Italy Markets Rally as Government Said to Revise Deficit Lower
(Bloomberg) -- Italian assets surged after the government was said to propose a revised deficit target in line with demands by the European Union.
The yield on 10-year bonds dropped below 3 percent for the first time since September and stocks climbed after a Treasury official said that the deficit would be revised down to 2 percent from the 2.4 percent initially mooted by the coalition government. Deputy Prime Minister Matteo Salvini dismissed reports his party would seek another election in the new year, setting the tone for markets earlier in the day.
Italian bonds have enjoyed a period of relative stability in recent weeks amid signs of cooling tensions with the EU over plans to increase the budget deficit to fund tax cuts, pension reform rollbacks and a basic income for the poorest. Some more leniency from the bloc may be needed after reports that France too would be in breach of fiscal rules in the wake of the yellow-jacket protests.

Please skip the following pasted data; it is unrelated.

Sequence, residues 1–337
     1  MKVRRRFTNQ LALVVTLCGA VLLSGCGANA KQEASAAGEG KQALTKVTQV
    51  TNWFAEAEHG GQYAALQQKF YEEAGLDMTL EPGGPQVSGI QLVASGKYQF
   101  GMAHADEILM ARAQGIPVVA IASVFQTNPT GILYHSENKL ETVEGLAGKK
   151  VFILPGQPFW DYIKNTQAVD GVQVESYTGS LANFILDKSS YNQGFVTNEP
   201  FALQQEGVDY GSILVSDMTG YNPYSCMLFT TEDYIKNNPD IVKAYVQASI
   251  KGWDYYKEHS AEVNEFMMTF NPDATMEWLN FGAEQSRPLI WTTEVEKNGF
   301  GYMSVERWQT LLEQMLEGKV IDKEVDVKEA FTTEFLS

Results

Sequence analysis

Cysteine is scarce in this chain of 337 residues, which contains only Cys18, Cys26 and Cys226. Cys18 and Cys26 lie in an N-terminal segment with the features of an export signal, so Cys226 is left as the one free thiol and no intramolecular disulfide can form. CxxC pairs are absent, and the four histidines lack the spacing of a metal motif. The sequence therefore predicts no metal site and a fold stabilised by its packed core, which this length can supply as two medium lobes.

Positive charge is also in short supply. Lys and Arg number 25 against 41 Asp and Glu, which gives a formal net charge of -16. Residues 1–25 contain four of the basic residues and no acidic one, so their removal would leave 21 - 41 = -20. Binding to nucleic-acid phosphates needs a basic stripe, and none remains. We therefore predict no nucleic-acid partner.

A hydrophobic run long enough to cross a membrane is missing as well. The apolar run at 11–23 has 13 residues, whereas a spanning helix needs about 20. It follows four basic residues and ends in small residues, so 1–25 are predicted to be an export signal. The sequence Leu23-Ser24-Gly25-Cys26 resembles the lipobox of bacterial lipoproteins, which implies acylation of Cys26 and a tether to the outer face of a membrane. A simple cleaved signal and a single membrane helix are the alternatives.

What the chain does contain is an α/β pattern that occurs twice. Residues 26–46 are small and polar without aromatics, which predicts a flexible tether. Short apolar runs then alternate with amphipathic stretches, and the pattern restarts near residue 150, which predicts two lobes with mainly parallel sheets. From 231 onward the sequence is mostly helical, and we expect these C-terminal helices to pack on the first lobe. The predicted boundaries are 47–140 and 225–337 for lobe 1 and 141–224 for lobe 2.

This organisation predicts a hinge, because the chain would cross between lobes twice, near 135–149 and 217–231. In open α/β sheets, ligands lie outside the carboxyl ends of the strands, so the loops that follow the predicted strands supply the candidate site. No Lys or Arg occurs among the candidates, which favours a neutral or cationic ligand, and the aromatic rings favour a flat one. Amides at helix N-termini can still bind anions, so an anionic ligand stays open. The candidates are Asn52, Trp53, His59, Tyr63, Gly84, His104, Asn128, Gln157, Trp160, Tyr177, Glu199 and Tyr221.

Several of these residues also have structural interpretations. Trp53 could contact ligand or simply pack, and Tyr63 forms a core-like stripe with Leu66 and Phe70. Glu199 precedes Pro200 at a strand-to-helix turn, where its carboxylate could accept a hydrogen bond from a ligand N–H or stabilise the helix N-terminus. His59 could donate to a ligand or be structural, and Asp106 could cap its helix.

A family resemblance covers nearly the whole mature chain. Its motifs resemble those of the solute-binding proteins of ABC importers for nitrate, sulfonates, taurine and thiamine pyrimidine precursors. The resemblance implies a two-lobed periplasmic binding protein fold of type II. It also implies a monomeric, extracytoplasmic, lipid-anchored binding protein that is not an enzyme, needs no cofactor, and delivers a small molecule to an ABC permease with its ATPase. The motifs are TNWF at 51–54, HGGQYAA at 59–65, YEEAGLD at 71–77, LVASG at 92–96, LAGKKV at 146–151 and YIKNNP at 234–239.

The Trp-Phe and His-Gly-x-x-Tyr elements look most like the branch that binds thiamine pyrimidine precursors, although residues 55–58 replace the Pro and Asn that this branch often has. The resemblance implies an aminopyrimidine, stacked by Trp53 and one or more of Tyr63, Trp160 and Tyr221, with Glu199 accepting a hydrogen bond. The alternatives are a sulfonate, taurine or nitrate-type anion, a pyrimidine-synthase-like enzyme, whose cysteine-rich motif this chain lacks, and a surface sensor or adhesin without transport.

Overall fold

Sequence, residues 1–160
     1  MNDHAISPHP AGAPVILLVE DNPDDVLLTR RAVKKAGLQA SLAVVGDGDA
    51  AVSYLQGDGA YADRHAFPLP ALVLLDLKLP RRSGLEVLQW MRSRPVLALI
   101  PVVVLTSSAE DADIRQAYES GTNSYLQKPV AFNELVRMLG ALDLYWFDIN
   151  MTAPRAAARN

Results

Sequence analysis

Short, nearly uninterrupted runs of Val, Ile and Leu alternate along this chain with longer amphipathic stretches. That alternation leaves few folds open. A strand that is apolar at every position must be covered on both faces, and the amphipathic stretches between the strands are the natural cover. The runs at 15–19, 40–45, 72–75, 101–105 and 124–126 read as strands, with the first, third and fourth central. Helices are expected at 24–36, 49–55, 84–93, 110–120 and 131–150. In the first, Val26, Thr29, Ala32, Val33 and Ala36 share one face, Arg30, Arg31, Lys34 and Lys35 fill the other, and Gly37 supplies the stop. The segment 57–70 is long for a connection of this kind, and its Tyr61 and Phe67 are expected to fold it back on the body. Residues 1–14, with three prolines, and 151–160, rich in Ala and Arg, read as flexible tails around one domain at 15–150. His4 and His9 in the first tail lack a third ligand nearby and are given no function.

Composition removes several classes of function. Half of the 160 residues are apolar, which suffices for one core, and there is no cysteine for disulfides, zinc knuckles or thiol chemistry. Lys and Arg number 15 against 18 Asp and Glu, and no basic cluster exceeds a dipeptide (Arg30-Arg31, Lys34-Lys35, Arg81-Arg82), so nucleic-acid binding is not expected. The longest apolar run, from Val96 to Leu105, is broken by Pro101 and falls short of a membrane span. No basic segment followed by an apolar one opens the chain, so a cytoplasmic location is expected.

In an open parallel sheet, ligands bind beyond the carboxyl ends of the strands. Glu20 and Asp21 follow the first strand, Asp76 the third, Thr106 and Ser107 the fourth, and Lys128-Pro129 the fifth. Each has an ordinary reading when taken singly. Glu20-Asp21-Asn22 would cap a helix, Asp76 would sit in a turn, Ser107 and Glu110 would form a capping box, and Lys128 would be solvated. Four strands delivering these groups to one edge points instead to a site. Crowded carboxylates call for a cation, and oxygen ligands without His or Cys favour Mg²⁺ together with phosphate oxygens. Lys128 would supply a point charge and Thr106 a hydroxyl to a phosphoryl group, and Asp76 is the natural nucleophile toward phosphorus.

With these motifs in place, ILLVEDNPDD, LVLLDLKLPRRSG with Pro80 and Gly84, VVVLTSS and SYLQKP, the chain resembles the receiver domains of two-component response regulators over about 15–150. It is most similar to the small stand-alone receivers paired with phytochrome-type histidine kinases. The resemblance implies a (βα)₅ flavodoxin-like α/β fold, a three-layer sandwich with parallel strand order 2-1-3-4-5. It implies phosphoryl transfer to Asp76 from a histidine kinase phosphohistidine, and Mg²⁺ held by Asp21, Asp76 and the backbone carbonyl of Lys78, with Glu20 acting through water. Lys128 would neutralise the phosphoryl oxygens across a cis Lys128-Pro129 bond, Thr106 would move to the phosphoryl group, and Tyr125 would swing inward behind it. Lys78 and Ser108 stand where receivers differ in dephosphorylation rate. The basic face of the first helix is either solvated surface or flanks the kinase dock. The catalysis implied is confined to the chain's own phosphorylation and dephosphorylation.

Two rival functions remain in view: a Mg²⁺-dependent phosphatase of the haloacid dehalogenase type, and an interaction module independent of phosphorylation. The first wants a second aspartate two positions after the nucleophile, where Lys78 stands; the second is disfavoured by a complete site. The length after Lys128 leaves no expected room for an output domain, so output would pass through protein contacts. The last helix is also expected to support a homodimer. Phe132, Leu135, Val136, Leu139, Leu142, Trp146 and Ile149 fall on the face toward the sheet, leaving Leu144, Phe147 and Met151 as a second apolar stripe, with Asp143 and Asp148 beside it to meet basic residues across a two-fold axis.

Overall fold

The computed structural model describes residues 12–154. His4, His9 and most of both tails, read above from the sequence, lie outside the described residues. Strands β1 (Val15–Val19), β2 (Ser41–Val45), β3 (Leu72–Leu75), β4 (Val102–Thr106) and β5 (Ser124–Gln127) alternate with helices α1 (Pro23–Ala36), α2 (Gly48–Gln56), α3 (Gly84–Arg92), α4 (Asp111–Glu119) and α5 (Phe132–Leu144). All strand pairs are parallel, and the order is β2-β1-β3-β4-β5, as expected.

“This is very good for BTPs,” said Jens Peter Sorensen, chief analyst at Danske Bank A/S, who said 10-year yields could drop toward 2.75 percent. “The 2 percent deficit level is more positive news, but let’s see if they are ready to walk the walk now that they have done the talk.”
Ten-year yields fell 13 basis points to 2.99 percent as of 1:00 p.m. in London. That took the spread over their German peers down 16 basis points to 271 basis points, the lowest since Oct. 1. Two-year yields, seen as a barometer for Italian default risk, slid 19 basis points to 0.47 percent, a six-month low. The FTSE MIB Index rose 1.8 percent, led by banks.
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